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  • Writer's pictureSARAH


Ramen noodles

Thanks everyone for the very positive response to the #chametz posts.

A few days days ago I treated you to some quick fix sauces, dips and marinades to use up your soy, ketchup, sweet chilli sauce etc and promised a few recipes to take care of the last of the rice and/or egg noodles.

I am being rather a goody-two-shoes this year, and trying hard to empty my rather bijoux freezer in preparation for the dreaded 'P' word.

This can result in some rather random combinations, as I often freeze the 'too much' food I have made, or the raw protein component when Mr Y is working late and doesn't want dinner.

These rather sad odds and ends often include the fourth quarter of a cooked chicken (there are three of us) a steak, maybe half a pack of raw chicken thigh fillets, and invariably, a container or two of clear chicken soup which is kept on hand as a cure-all for every ailment from sore throats to sciatica!

These few items can make a sumptuous feast with a few store-cupboard ingredients and a handful or two of fresh veg. It is easy enough to turn my hot and sour soup into a hunger busting bowl of ramen by adding more vegetables and noodles and cutting down on the liquid; and the solitary steak can become crispy chilli beef or a delicious and tender beef, sweet pepper and green bean stir fry to serve with some rice.


Hot & Sour Chicken Noodle Soup

This is a bit of a 'catch all' recipe. In its simplest form it is just a lovely burst of hot and sour flavours with some tasty morsels to give it some interest, but it can be embellished and added to and then it becomes the main event rather than a starter.

My family love it made as #ramen with some thinly sliced hoisin glazed duck breast on the top.

Most kosher supermarkets carry packets of frozen chopped herbs and spices in mini ice cube trays, with each block being about a teaspoon's worth.

I like mine spicy so I add an extra chilli block or a bit more fresh chopped chilli, but you may prefer it even hotter so add more or with just a tiny kick so use less.

This is another 'suggest-ipe' rather than a recipe as it will vary with what you have on hand, how hot or sour you like it and whether you prefer, Thai basil, chives or coriander.

How ever you decide to fashion it, I can guarantee it will be delicious.

Plain chicken soup - I would say about 300ml per person.

Shredded or finely sliced cooked chicken

Chopped red chilli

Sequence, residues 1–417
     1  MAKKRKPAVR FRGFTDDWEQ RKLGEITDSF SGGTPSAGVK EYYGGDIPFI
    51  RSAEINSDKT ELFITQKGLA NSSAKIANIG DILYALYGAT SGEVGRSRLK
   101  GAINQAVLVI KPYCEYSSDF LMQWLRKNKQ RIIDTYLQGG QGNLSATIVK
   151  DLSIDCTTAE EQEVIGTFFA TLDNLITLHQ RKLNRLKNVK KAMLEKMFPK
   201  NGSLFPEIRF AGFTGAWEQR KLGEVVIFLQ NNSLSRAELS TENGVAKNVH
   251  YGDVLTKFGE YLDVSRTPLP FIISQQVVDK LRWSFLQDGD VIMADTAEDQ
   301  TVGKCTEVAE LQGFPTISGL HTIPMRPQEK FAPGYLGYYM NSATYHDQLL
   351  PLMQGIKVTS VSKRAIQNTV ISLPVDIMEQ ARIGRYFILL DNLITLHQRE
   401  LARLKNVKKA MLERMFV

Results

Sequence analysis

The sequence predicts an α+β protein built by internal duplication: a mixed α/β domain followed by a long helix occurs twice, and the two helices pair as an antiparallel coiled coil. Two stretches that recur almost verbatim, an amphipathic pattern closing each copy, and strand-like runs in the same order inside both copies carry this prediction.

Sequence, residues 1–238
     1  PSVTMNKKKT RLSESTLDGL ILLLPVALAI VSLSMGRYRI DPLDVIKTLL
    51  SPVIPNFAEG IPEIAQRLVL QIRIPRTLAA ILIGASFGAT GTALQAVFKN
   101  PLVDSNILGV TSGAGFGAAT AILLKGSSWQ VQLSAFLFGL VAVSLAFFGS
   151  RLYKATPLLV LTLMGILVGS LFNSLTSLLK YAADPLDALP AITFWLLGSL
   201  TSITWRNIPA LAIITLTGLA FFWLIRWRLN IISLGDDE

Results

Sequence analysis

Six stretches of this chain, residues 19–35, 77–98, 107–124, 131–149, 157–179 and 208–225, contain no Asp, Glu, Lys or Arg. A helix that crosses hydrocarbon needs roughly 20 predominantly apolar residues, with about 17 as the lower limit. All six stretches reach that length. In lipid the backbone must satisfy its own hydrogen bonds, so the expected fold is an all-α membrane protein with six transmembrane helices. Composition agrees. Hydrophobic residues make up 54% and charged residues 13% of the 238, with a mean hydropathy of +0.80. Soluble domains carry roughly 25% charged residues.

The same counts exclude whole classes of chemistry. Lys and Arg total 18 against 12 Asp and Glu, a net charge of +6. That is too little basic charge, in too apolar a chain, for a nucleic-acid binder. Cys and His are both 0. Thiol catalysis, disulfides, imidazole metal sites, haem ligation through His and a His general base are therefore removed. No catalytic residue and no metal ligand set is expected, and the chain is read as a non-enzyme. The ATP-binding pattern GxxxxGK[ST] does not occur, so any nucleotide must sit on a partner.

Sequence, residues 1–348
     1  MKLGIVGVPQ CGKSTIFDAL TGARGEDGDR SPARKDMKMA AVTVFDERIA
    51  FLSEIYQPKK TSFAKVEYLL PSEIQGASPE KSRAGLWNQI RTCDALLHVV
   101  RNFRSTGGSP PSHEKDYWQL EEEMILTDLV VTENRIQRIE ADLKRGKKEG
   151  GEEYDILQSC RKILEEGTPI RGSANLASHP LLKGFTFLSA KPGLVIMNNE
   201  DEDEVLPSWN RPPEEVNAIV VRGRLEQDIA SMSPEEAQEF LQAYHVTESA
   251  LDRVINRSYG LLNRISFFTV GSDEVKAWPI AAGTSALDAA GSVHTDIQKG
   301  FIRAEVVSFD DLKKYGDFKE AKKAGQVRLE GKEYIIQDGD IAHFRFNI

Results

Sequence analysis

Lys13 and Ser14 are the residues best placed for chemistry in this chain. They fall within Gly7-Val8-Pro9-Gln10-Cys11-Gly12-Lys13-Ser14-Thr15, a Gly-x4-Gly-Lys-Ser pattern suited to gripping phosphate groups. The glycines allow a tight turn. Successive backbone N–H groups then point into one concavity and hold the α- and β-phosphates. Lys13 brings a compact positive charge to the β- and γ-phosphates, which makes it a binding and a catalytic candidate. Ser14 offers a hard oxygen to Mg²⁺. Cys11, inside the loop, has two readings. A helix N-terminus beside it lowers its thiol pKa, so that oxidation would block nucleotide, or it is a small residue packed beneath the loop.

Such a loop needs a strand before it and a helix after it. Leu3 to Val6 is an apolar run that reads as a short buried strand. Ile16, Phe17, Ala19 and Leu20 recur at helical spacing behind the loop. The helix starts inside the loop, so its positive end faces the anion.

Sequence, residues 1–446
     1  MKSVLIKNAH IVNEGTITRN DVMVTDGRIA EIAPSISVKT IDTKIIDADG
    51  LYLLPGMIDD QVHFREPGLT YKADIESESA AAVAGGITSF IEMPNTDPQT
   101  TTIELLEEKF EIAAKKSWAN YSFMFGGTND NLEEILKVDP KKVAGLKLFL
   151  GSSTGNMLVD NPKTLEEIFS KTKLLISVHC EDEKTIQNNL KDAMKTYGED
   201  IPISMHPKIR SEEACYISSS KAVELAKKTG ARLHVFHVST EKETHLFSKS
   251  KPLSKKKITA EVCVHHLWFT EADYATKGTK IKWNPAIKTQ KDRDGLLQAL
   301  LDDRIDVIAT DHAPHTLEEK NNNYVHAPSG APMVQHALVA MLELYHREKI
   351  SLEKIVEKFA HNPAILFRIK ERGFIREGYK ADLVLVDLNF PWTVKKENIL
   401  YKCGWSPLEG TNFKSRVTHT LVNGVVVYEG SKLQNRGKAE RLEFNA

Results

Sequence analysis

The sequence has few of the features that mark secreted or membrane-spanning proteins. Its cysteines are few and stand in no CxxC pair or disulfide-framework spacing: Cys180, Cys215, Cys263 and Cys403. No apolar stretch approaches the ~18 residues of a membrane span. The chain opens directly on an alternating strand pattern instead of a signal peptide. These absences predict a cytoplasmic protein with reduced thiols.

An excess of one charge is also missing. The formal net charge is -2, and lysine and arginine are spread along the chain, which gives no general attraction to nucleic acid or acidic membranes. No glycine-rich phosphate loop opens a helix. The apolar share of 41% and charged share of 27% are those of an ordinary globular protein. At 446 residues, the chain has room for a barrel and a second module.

Chopped garlic

Chopped ginger

Soy sauce


one nest per person of Egg or rice noodles cooked in boiling salted water and drained

A handful of stir fry veg of your choice

Fresh limes

Sliced red chilli

Chopped green herbs - Thai basil, coriander , chives

Chicken Ramen with Lime, Chilli & Coriander

Fry the fresh garlic, ginger and chilli in a tiny amount of oil and then add the soup to the pan to heat. If you are using the frozen blocks just melt them into the soup.

Add soy and mirin to taste and bring the soup to a boil.

Add the vegetables and cooked noodles and cover with a lid for a few minutes until the vegetables are soft.

Put some shredded chicken in the bottom of a deep bowl and top with the soup, vegetables & noodles.

Squeeze over lime to taste and garnish with the chopped herbs and sliced chilli.

If we are eating this for dinner, I add extra noodles and a full bag of stir fry vegetables to bulk it out.


This is a fine way to make one steak feed two without it feeling 'mean'.

It would more than likely stretch to three if you make some extra stir fry vegetables or Teriyaki chicken to go with it along with some plain boiled rice.

Please try the Bicarbonate of Soda trick, it's not just great in muffins but it really tenderises the beef and makes it deliciously soft and juicy.

Stirfry Beef With Sweet Peppers & Green Beans

250g steak -Rib Eye, Short Rib or Fairy/Blade steak or prepared stir fry beef

1 yellow pepper cut into thin strips

a handful of fine green beans halved

1 sping onion - for garnish

2 tablespoons dark soy sauce

1 tablespoon ginger finely chopped

2 cloves of garlic finely chopped

a few splashes of sesame oil

oil for frying


2 tsp light soy sauce

1/4 tsp bicarbonate of soda

1/2 tsp ground pepper

2 tsp cornflour

1 1/2 tbsp rice wine/mirin